“It is widely expected that Australia could follow overseas economies,” Mr Ingram said.

“If inflation remains higher overseas we may be waiting longer for rates to be cut here.

“We are also seeing the banks drop the rate of fixed term deposits. This means investment into private credit is becoming more attractive, opening up new capital to non-bank lenders and ultimately developers.”

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New opportunities potentially emerging for developers

While interest rate cuts will buoy housing prices across the country, Flux said the impacts and levels of opportunity this creates will vary from region to region, given differences in the regulatory positions of local governments.

According to Flux, NSW is leading Australia in efforts to tackle the housing supply crisis, which means its property market is best positioned to rise once rate cuts become a reality.

“NSW has the best plan, and we’re only months away from that plan becoming legislation,” he said.

“People are already stepping back into the NSW market again, to speculate on the opportunities that could be created by proposed density increases.”

Despite some inconsistencies in regulatory practices across Queensland, Flux sees opportunities in the state thanks to its relative affordability compared to other parts of Australia.

“From an affordability perspective, people are leaving Sydney and Melbourne in droves,” he said. “They can sell a small $2 million house here and buy a mansion in Brisbane.”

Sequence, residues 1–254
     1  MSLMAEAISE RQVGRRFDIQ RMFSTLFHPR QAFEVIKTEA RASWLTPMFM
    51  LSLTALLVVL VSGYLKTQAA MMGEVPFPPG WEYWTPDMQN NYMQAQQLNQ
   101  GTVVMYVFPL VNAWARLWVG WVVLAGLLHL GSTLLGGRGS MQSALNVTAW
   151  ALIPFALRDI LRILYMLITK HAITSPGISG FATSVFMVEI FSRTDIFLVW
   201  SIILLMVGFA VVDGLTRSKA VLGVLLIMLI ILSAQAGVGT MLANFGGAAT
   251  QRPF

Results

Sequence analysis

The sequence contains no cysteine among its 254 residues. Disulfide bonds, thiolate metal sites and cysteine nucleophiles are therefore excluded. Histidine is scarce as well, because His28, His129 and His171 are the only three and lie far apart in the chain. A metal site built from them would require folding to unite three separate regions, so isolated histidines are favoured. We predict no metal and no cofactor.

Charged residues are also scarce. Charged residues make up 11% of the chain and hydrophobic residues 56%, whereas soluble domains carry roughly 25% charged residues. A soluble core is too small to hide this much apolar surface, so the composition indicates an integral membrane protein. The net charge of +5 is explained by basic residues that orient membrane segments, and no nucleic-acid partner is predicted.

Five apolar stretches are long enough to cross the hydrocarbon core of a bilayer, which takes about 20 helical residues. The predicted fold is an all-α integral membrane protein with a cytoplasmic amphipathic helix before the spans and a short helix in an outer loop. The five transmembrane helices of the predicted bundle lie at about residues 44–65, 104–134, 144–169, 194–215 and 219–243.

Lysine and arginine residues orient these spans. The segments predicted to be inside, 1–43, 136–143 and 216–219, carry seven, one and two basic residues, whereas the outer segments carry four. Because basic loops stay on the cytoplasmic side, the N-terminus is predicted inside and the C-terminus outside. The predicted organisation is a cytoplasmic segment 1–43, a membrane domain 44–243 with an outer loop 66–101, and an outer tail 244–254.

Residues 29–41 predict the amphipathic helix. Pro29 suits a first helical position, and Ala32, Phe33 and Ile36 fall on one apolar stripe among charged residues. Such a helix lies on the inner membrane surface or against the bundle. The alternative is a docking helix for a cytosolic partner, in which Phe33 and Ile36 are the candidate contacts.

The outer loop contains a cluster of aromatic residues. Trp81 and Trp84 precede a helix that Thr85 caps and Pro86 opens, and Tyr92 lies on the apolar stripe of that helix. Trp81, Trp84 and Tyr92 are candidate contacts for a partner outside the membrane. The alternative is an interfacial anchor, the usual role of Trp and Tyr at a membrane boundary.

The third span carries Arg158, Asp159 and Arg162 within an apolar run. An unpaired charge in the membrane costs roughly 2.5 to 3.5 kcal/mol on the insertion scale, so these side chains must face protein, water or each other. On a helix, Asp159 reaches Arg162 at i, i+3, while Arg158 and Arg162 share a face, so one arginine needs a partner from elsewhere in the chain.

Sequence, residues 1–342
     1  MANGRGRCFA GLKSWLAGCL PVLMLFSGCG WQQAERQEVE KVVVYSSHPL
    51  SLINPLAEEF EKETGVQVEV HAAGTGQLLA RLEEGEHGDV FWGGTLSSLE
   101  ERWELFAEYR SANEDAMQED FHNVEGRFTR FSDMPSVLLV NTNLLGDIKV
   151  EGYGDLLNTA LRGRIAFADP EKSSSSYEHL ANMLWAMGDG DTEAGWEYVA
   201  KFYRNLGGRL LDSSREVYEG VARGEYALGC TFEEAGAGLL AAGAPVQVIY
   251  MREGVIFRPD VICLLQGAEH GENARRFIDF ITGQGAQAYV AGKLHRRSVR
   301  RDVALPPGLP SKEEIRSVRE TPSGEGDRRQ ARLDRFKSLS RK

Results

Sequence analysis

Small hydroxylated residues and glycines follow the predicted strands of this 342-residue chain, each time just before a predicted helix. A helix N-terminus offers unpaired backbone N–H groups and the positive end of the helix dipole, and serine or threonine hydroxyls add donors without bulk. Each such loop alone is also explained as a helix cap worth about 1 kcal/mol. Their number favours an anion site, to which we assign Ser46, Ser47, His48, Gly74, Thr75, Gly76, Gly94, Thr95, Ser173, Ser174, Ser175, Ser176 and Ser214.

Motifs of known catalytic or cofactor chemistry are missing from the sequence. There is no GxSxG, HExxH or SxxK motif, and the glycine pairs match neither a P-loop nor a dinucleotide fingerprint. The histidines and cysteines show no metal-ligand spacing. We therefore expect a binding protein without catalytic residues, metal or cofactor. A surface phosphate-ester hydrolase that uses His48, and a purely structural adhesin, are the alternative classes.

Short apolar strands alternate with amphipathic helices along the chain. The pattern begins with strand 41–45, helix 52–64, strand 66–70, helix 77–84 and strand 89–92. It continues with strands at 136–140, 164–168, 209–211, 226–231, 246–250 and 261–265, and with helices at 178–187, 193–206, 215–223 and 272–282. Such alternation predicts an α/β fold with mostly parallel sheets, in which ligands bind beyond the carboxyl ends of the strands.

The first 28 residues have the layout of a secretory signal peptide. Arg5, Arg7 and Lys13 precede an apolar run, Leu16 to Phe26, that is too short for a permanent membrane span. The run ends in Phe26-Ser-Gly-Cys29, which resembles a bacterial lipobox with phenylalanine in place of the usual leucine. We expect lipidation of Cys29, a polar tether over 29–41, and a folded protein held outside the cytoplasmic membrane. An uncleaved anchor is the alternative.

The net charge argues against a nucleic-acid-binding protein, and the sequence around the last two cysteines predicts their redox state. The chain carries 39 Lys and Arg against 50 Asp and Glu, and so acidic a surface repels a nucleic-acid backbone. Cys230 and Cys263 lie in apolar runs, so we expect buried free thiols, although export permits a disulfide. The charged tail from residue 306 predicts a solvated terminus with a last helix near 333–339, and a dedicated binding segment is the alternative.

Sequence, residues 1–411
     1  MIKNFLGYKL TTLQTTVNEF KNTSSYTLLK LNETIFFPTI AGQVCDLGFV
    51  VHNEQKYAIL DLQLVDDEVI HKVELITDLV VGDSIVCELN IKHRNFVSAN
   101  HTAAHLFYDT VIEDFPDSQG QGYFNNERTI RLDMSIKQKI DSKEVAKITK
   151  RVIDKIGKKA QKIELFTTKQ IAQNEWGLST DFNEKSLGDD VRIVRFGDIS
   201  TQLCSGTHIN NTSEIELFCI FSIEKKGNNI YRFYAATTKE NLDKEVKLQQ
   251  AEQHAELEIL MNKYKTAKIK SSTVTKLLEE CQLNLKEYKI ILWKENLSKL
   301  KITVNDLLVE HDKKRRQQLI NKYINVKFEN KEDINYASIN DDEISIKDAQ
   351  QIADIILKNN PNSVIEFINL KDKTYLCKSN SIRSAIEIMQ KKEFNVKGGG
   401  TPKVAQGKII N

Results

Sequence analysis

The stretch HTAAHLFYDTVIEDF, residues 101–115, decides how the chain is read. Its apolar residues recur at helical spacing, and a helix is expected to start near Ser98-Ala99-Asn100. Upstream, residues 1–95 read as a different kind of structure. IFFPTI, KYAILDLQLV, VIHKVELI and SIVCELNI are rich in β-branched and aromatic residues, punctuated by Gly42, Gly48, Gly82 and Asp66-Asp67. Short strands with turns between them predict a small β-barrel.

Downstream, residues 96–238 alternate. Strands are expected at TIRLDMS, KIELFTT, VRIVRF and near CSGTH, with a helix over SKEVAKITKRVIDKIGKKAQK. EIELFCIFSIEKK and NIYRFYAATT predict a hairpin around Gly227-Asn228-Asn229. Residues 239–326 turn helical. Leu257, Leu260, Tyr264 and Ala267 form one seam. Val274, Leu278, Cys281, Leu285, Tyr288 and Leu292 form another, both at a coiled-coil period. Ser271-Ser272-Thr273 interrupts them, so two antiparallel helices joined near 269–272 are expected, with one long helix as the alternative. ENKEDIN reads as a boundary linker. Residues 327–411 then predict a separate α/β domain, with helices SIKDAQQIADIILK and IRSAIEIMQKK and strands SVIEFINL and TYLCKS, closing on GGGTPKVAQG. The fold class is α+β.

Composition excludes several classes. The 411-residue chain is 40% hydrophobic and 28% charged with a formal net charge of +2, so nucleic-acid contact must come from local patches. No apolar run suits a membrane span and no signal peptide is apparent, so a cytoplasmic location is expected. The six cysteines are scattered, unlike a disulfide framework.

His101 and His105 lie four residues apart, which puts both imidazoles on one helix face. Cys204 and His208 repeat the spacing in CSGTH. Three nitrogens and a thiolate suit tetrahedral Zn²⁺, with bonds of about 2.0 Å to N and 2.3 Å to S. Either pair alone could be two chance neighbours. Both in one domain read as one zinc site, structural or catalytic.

John Lindeman said the underlying fundamentals of the Australian property market will continue to drive price increases across the board. Higher rents will create strong opportunities for investors even in more affordable areas.

“The rate of housing completions is declining, and well below the number needed to house our rapidly growing population,” he said.

“This provides a new opportunity for investors, as escalating rents are generating cash flow neutral and even cash flow positive investment opportunities in lower-priced locations.”

Cost normalisation will help developers seize opportunities

Developers could find themselves better positioned to capitalise on upcoming opportunities in the Australian housing market, as construction costs trend towards normalisation.

National construction costs further stabilised in the first quarter of 2024, with Core Logic’s Cordell Construction Cost Index (CCCI) posting just a 0.8 percent rise. This increase was the same as the figure for Q4 2023 and brought the annual change in the CCCI down to 2.8 percent, for the smallest annual increase since March 2007 (2.7 percent).